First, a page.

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SA’s health department unmoved by new salt study

The Department of Health has dismissed as a “red herring” a scientific review which found no evidence that cutting down on salt led to fewer heart attacks and deaths, and says it is pushing ahead with its plans to regulate the amount of the additive in processed food, Business Day reports.

Last week the Cochrane Library published an analysis of seven studies on salt consumption and health, which included 6 250 people with normal or high blood pressure. The reviewers concluded that small reductions in salt intake led to slightly lower blood pressure, but the data did not show a direct link between less salt and a reduced risk of cardiovascular disease and death. More research, involving many more patients, was needed to establish this tie, they said.

“It’s a bit of a storm in a tea-cup,” said the health department’s cluster manager for non-communicable diseases, Prof Melvyn Freeman. “I don’t think anyone is denying that hypertension pressure is a major cause of mortality. Our figures suggest high blood pressure is responsible for 40% … to 70% of heart disease and 50% of stroke.”

“There is nothing in the (Cochrane review’s) recommendations that suggests one should not be reducing salt in food. If anything it reinforces our belief you have to regulate (industry), because the studies didn’t follow up (participants) to see if they stuck to the diet recommendations afterwards,” he said. The health department planned to run public education campaigns to encourage South Africans to add less “discretionary” salt to their food, as regulation could only affect a portion of what South Africans put on their plates, he said.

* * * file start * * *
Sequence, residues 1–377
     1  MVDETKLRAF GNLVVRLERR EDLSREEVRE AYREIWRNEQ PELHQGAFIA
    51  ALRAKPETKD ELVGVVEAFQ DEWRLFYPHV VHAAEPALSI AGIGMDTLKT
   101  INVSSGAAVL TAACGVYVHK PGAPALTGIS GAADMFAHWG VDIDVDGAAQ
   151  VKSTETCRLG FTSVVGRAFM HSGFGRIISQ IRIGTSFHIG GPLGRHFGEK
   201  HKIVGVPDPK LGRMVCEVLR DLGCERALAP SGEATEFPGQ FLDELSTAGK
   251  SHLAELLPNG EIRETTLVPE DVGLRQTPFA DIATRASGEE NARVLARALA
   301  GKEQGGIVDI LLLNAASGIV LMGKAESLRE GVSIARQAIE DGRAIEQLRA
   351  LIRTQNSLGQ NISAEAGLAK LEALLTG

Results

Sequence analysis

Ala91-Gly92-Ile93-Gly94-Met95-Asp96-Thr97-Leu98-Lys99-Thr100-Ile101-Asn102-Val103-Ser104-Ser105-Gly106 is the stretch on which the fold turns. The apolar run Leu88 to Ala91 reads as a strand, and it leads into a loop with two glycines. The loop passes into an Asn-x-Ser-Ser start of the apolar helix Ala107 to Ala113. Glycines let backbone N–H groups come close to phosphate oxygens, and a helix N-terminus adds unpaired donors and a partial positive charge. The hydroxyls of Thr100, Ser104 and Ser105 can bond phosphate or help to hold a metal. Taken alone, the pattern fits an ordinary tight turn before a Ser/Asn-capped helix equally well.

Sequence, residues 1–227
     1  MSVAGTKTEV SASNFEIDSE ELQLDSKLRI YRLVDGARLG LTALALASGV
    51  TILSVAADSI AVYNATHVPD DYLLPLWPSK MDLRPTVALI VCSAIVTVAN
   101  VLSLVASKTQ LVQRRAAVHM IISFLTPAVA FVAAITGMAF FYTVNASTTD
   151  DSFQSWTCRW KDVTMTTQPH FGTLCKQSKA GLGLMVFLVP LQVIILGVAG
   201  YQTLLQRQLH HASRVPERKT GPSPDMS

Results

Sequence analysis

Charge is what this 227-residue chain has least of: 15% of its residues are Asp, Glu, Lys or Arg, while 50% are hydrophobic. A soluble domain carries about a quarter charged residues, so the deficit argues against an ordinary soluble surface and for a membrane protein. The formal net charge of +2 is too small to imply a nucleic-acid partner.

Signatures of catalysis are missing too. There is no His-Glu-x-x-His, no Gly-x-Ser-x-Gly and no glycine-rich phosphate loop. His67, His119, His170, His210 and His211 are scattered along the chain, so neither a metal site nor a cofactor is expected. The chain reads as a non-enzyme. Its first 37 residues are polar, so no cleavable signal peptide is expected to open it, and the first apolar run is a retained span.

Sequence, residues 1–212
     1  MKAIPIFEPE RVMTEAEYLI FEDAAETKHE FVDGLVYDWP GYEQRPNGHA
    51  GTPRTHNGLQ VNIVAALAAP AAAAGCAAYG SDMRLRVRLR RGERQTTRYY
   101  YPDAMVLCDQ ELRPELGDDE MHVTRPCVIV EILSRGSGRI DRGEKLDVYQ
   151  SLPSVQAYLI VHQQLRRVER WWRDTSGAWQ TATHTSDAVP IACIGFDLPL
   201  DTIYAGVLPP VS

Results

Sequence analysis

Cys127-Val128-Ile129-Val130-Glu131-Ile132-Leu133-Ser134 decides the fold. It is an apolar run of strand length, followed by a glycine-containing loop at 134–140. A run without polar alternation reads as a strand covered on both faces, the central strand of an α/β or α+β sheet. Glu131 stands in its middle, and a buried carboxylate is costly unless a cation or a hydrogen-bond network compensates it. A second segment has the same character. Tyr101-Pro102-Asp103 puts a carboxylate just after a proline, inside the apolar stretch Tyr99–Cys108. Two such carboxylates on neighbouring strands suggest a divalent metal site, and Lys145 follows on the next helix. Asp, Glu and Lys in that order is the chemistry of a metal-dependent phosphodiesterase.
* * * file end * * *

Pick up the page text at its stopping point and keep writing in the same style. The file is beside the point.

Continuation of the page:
Prof Krisela Steyn from the University of Cape Towns’ department of medicine agreed with Prof Freeman’s interpretation of the Cochrane review, saying the studies it included were too small to show lower salt intake meant lower risks of heart disease and death, but did not rule it out. So, too, did Sunita Potgeiter, a lecturer in nutrition from the University of Stellenbosch, who said:

“A 2009 review published in the Journal of Human Hypertension (found) strong evidence linking a high salt intake with the risk for developing high blood pressure and cardiovascular disease. (It) also concluded that a diet high in salt may lead to stroke, renal stones and renal disease, obesity, osteoporosis and stomach cancer, and that a reduction in salt intake can have a major impact on health.”

Health Minister Aaron Motsoaledi said in his budget speech to parliament on May 31 that he wanted to see the salt content of processed food regulated, as the amounts currently consumed by South Africans were dangerously high. The World Health Organisation recommends adults consume no more than five grams of salt a day, but the average South African consumed almost double that, at 9.8 grams, according to Prof Freeman.

He said the department had commissioned research into the sources of salt in South Africans’ diets, and would use this information to identify which products to target. Bread, gravy, soup, seasoning mixtures and cereals were among the products that were likely to come in for close scrutiny, he said. The research findings are due to be presented to the health department later this month.

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